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  • JPM_Review_Revised_manuscript_10_OCT_2018_Author_Accepted_Manuscript

    Rights statement: Final publication is available from Mary Ann Liebert, Inc., publishers http://dx.doi.org/10.1089/jpm.2018.0335

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    Available under license: CC BY-NC: Creative Commons Attribution-NonCommercial 4.0 International License

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Perceptions of a Good Death in Children with Life-Shortening Conditions: An Integrative Review

Research output: Contribution to journalJournal article

Published
<mark>Journal publication date</mark>1/06/2019
<mark>Journal</mark>Journal of Palliative Medicine
Issue number6
Volume22
Number of pages10
Pages (from-to)714-723
Publication StatusPublished
Early online date11/12/18
<mark>Original language</mark>English

Abstract

BACKGROUND: For children with life-shortening illness, achieving a "good death" can be a tacit goal. There is little understanding of how different stakeholders perceive what a "good death" might be.

OBJECTIVE: To review empirical literature to construct an understanding of a "good death" for children with life-shortening conditions.

DESIGN: An integrative review approach was followed. This involved searching across Embase, Web of Science, Medline, CINAHL, and PsycINFO (no date limits set), as well as identifying eligible studies tracking reference lists. Appraisal of shortlisted articles in full text was performed, followed by data extraction, synthesis, and interpretation.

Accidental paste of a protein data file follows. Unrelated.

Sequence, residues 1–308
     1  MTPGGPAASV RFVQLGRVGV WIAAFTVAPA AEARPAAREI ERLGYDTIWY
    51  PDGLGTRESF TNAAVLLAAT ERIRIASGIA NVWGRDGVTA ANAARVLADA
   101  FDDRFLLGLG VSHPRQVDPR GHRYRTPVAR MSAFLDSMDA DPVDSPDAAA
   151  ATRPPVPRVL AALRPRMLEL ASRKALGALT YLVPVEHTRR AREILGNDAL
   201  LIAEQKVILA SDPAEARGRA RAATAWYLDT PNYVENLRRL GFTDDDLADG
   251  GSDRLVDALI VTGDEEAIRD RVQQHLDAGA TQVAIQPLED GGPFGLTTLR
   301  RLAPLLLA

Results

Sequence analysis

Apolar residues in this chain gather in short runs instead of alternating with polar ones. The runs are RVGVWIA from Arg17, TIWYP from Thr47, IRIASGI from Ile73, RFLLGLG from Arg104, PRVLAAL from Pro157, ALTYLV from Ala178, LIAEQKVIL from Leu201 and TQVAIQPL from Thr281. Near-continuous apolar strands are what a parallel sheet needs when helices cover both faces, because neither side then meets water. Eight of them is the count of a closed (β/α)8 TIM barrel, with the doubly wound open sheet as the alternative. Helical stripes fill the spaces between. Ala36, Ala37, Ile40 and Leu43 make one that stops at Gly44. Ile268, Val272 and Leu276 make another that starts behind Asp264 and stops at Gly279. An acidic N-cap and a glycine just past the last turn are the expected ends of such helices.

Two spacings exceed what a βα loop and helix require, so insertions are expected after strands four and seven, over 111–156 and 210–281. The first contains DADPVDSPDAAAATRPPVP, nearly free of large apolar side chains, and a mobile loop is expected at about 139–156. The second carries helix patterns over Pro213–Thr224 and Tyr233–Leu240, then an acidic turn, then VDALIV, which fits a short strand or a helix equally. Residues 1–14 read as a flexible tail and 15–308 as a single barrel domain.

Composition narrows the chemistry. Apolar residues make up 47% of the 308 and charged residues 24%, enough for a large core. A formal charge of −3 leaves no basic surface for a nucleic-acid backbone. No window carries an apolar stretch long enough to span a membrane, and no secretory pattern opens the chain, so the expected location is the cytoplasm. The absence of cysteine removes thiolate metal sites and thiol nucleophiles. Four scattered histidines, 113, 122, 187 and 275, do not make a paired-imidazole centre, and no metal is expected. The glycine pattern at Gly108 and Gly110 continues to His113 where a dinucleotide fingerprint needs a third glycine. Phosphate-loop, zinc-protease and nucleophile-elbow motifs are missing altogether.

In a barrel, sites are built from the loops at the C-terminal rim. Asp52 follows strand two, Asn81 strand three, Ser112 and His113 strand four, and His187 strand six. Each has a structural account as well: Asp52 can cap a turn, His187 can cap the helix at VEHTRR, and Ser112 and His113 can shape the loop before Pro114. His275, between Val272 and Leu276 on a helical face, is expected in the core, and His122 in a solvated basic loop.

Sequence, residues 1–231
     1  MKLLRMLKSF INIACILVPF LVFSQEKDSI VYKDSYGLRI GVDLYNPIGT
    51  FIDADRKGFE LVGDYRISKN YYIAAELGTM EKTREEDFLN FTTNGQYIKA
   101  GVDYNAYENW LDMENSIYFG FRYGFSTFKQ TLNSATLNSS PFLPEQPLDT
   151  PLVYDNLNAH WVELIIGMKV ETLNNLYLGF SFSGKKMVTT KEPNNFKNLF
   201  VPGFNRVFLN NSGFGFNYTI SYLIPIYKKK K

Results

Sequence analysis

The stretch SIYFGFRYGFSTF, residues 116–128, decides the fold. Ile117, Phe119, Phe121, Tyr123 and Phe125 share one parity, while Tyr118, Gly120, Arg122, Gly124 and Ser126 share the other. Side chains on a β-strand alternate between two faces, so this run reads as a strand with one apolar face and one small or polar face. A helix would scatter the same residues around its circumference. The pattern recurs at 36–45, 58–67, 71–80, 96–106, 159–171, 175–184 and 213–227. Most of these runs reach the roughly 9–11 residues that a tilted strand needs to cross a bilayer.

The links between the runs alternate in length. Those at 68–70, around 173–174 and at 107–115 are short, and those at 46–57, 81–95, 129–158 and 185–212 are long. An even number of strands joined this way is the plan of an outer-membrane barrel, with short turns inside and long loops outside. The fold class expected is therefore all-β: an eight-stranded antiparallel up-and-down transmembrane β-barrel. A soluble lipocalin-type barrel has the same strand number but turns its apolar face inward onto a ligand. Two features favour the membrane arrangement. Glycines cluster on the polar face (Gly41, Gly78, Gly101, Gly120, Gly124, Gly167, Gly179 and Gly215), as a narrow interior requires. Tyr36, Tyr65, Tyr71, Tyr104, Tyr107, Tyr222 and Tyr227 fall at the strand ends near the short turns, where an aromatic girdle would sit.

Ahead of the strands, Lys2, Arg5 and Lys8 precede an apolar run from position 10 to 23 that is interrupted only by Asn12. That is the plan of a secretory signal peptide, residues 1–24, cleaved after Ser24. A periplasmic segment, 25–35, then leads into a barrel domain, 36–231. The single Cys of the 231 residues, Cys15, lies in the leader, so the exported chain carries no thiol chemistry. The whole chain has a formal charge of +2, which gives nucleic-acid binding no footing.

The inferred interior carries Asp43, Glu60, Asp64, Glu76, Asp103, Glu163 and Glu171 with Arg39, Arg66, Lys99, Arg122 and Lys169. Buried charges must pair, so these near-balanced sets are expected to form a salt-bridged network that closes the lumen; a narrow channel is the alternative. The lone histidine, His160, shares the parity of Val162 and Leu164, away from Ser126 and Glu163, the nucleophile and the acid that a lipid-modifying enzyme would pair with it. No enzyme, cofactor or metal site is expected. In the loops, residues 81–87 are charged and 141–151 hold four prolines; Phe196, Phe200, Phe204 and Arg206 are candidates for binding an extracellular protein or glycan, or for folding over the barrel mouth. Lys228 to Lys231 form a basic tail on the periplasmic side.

RESULTS: Analysis of articles (n = 24) yielded a dynamic and layered narrative about a good death that revolved around three themes. (1) Level of needs: includes both practical support and aspirational goals such as "do everything." (2) The composite experience: whether positive or negative adds to produce a sense of suffering. (3) Control (preservation and letting go): moving from maintaining status quo to acceptance of the child's death, the experience of which also contributes to suffering. Framed using a health care system perspective, a concept map that interprets a good death in children with life-shortening conditions is represented.

CONCLUSIONS: A single yet holistic understanding of a good death experienced in the "real world" is suggested. Pediatric health and social care providers, and even policy makers, can use this new understanding to conceive alternative approaches to enhance support to dying children and their families.

Bibliographic note

Final publication is available from Mary Ann Liebert, Inc., publishers http://dx.doi.org/10.1089/jpm.2018.0335